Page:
I tried to build Incrementer chip with the help of 16-bit Adder chip which was build and tested successfully.
What I don't understand is which value should be put for "b" pin of Adder chip. I tried with "true" keyword but the Hardware simulator reported an error while running a testing script. Input value was 16-bit value for 0. And Incrementer out pin was again 0.
Think of the symbols true and false being wires... that are one 'bit' wide and on/off.
As for your implementation, note that your hdl is using And16, not Add16 as you describe. Assuming the use of Add16, you'd have to individually wire false and true to each of the 16 connections of b.
I don't know if this would make any difference to your implementation (I don't know if you're counting chips inside chips)) but just lately reading appendix A I realized that in HDL you can directly set an input pin of a chip to any value you choose.
You can actually implement the Inc16 chip with a single Add16 chip. If you carefully read Appendix A, mainly the section on buses, it will tell you that you can set the values of the individual pins on a bus in the chip call by indexing the pins, you can also use the "n..x" notation to specify a range of pins to set to individual values. So you could set the value of bus b for the Add16 chip to 1 using the following:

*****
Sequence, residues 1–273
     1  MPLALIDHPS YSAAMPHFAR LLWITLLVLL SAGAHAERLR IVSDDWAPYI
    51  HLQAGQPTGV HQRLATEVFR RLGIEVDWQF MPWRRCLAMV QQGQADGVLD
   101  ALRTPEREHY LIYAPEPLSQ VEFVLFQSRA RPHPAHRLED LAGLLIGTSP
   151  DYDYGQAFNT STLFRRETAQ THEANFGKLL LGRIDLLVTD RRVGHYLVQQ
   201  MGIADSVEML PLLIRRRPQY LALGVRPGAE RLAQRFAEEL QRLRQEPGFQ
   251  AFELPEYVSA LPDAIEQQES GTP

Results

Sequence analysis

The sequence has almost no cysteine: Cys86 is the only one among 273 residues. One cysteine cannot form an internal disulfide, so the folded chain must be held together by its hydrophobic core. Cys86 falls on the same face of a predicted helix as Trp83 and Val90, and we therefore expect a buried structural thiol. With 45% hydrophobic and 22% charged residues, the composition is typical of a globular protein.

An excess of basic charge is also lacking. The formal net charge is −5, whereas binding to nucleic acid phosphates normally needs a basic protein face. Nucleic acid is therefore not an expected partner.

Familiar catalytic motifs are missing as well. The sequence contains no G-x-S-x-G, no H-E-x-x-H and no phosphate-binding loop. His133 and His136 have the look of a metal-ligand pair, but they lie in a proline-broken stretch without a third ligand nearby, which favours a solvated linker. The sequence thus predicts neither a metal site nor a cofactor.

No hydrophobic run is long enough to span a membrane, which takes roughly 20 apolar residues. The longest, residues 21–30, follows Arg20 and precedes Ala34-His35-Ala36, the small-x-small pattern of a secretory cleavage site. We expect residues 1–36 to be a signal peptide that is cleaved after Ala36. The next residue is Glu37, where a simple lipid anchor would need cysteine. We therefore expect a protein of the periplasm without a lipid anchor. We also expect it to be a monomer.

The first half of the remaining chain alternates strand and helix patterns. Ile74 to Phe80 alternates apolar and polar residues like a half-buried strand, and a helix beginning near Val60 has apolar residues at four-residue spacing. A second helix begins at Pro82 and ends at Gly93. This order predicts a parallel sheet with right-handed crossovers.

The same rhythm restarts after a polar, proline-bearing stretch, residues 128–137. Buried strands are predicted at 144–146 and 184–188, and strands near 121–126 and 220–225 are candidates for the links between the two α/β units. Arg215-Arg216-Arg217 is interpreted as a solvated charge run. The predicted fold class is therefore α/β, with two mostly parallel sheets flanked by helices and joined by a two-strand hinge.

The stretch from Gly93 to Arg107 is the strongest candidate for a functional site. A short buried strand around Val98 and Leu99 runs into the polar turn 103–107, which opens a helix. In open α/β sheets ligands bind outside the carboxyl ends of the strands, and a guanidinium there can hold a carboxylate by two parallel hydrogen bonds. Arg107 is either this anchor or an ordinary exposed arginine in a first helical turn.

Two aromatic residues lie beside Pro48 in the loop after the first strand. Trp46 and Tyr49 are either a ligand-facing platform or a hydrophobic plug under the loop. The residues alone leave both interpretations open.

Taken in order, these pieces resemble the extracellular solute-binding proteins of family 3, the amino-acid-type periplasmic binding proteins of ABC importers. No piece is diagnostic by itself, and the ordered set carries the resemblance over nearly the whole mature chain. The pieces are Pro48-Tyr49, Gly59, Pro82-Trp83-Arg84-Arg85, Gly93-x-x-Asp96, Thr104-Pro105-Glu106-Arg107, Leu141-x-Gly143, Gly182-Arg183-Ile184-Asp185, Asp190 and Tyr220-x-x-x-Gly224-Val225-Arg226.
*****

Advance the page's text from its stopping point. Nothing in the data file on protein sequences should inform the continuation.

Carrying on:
This would save you considerable typing, also since its not immediately obvious to those who just read the text really quick and assume the "n..x" notation is just used in the text and would not work in HDL. It does work and is very useful.
i just wanted to know whether the following code for the Inc16 chip works in the Hardware Simulator(coz its not working for me and i just wanted to clarify it again)...
i really wanted to know why it does not work though its mentioned in Appendix A that each pin in the bus can be assigned individual values....this reduces a lot of writing work i know and just can be used to get the idea of using an Add16 chip for the Inc16 chip....please do help me on this!!!
It looks good except for a couple of small things I noticed.
You set a to take itself as input rather than the actual input to the chip.
You use a round bracket in one place where you need to use a square one.
Nice, shmcinto! The book says, "An n-bit incrementer can be implemented trivially from an n-bit adder." So I was thinking there had to be a way to set individual pin values. Since it all translates to boolean logic, setting pins to true or false makes complete sense to me.